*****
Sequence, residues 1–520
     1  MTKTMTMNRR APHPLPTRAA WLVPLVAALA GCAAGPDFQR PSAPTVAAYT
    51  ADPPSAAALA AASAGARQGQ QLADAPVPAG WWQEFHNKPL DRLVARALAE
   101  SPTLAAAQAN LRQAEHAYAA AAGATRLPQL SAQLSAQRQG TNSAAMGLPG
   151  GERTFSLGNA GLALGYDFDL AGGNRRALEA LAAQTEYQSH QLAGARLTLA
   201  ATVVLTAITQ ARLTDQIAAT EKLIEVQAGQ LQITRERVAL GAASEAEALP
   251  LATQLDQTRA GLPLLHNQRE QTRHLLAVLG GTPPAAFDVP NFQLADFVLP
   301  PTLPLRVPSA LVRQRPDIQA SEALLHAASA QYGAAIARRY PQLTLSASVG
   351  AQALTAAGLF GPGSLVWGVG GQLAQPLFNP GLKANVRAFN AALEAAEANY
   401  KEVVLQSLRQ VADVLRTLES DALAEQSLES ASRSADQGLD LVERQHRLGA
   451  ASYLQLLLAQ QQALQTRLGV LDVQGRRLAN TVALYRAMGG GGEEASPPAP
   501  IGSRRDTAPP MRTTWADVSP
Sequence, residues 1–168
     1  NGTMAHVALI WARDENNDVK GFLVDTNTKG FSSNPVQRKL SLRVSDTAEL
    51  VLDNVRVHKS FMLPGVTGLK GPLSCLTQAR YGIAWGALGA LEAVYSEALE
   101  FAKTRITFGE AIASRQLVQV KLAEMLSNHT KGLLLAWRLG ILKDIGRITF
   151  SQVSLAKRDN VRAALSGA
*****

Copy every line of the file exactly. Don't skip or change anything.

Sequence, residues 1–520
     1  MTKTMTMNRR APHPLPTRAA WLVPLVAALA GCAAGPDFQR PSAPTVAAYT
    51  ADPPSAAALA AASAGARQGQ QLADAPVPAG WWQEFHNKPL DRLVARALAE
   101  SPTLAAAQAN LRQAEHAYAA AAGATRLPQL SAQLSAQRQG TNSAAMGLPG
   151  GERTFSLGNA GLALGYDFDL AGGNRRALEA LAAQTEYQSH QLAGARLTLA
   201  ATVVLTAITQ ARLTDQIAAT EKLIEVQAGQ LQITRERVAL GAASEAEALP
   251  LATQLDQTRA GLPLLHNQRE QTRHLLAVLG GTPPAAFDVP NFQLADFVLP
   301  PTLPLRVPSA LVRQRPDIQA SEALLHAASA QYGAAIARRY PQLTLSASVG
   351  AQALTAAGLF GPGSLVWGVG GQLAQPLFNP GLKANVRAFN AALEAAEANY
   401  KEVVLQSLRQ VADVLRTLES DALAEQSLES ASRSADQGLD LVERQHRLGA
   451  ASYLQLLLAQ QQALQTRLGV LDVQGRRLAN TVALYRAMGG GGEEASPPAP
   501  IGSRRDTAPP MRTTWADVSP
Sequence, residues 1–168
     1  NGTMAHVALI WARDENNDVK GFLVDTNTKG FSSNPVQRKL SLRVSDTAEL
    51  VLDNVRVHKS FMLPGVTGLK GPLSCLTQAR YGIAWGALGA LEAVYSEALE
   101  FAKTRITFGE AIASRQLVQV KLAEMLSNHT KGLLLAWRLG ILKDIGRITF
   151  SQVSLAKRDN VRAALSGA